After one week of UN climate talks in Thailand, not a single country has made a fresh commitment, and US negotiators stunned delegates by calling for any new treaty to be ‘flexible’ and ‘dynamic’ rather than legally binding, representing a complete U-turn on its previous position.
The UN climate talks featuring delegates from 190 nations, that have been ongoing for the last week in Bangkok, Thailand, and which conclude today, have produced few concrete results.
The talks were happening against a backdrop of record Arctic ice melt, recent flooding in the Philippines, Asam and other areas, recent drought in the US, and an ongoing food crisis in the Sahel.
Last December at the Durban COP talks, the world’s nations agreed that they would sign a legally-binding pact to cut emissions and help developing nations adapt to climate change, from 2020. Part of this agreement included a promise to deepen existing promises to cut emissions by the end of the decade.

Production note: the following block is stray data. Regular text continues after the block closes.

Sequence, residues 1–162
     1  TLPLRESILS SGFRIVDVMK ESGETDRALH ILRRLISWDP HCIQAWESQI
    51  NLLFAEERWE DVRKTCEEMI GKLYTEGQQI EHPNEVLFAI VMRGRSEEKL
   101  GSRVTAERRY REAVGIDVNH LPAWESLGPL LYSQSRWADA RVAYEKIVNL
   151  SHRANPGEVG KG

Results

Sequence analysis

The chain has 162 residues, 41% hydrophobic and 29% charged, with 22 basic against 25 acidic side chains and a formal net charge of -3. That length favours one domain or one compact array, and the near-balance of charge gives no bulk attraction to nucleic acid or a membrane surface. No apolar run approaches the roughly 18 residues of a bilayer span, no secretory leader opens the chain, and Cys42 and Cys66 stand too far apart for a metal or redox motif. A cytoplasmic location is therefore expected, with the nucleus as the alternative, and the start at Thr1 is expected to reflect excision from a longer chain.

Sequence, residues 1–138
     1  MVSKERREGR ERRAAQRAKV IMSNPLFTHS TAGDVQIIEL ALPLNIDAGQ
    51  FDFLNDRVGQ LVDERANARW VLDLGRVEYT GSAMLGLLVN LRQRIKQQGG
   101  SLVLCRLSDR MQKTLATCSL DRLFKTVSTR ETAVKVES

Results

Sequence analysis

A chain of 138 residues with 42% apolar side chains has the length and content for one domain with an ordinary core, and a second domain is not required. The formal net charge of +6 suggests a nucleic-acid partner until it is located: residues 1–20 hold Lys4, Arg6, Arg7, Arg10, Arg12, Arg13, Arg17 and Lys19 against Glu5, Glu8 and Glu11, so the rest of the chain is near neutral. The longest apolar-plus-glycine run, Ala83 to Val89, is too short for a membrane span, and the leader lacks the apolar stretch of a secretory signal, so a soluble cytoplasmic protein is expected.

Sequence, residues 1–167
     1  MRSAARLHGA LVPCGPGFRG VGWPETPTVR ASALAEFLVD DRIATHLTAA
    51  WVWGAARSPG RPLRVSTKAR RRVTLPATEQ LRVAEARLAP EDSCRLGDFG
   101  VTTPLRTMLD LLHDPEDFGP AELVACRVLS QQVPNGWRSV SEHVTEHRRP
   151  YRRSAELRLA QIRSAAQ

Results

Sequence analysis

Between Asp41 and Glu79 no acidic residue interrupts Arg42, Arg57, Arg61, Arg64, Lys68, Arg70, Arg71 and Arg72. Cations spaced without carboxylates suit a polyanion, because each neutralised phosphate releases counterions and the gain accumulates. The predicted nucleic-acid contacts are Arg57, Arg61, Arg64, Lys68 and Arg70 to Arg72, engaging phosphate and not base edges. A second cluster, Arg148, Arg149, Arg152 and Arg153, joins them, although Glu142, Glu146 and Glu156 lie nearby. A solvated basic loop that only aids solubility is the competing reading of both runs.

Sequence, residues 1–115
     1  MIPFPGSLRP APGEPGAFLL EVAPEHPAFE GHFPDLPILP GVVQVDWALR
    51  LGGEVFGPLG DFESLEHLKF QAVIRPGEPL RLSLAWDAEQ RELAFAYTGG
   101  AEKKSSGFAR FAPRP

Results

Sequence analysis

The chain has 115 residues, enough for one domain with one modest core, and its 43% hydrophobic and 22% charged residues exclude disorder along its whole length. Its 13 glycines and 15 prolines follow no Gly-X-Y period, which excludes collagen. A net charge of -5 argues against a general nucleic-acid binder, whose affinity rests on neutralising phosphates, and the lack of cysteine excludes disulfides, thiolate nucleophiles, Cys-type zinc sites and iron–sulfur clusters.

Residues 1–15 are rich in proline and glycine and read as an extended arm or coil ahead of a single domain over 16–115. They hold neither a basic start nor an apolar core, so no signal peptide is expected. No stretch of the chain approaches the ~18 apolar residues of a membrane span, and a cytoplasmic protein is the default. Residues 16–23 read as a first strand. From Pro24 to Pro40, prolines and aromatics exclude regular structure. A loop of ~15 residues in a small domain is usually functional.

However, after one week of talks in Thailand, not a single country has made a fresh commitment, and US negotiators stunned delegates by calling for any new treaty to be ‘flexible’ and ‘dynamic’ rather than legally binding, representing a complete U-turn on its previous position.
In response, 130 developing countries sought to put pressure on developed countries by threatening to deny them access to Clean Development Mechanism (CDM) credits, which developed countries use to offset their emissions by financing projects in the poor ones.
But this tactic could backfire, as Takehiro Kano, a senior climate negotiator with Japan, said that if they went ahead, Japan’s response might just be to lower its voluntary target of cutting emissions 25% below 1990 levels by 2020, and Justin Lee, Australia’s climate change ambassador, retorted that the Australian government would anyway “take international action that best supports Australia’s domestic initiatives”.